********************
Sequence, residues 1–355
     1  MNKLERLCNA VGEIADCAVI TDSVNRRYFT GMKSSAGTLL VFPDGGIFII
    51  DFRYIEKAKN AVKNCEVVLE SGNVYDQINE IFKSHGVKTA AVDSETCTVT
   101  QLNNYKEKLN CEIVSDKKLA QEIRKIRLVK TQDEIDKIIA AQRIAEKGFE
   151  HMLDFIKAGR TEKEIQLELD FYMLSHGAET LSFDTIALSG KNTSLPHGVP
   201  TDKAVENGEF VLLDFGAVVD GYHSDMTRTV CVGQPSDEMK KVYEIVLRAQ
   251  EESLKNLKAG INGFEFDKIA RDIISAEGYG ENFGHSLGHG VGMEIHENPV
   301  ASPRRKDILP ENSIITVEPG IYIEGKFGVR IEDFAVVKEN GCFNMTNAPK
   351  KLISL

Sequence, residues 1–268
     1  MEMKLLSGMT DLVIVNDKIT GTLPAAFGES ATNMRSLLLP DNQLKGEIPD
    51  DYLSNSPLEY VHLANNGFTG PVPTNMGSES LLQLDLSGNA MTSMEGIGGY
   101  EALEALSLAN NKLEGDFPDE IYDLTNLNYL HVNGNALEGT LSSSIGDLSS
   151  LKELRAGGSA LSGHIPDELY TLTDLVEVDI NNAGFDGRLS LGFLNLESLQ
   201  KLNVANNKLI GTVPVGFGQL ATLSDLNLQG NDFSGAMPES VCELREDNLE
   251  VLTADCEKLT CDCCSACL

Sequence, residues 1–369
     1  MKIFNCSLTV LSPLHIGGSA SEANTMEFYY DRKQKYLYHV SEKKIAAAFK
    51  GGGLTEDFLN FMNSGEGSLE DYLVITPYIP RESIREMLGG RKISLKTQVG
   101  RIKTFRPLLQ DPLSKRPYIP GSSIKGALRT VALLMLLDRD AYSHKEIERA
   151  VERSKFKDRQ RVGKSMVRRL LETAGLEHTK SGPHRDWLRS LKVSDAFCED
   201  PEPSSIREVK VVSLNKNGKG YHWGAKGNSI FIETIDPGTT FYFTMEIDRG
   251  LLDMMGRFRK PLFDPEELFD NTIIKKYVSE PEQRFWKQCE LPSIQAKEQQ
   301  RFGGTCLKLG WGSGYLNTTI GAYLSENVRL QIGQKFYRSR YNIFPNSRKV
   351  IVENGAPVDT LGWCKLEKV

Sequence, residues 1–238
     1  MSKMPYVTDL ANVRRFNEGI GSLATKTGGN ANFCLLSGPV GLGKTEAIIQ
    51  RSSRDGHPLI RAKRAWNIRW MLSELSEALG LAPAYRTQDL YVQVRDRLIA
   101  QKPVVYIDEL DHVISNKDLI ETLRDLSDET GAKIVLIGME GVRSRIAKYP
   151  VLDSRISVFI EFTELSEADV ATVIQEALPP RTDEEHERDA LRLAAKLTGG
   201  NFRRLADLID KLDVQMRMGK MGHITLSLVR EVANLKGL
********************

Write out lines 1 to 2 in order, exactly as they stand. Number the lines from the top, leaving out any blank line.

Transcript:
Sequence, residues 1–355
     1  MNKLERLCNA VGEIADCAVI TDSVNRRYFT GMKSSAGTLL VFPDGGIFII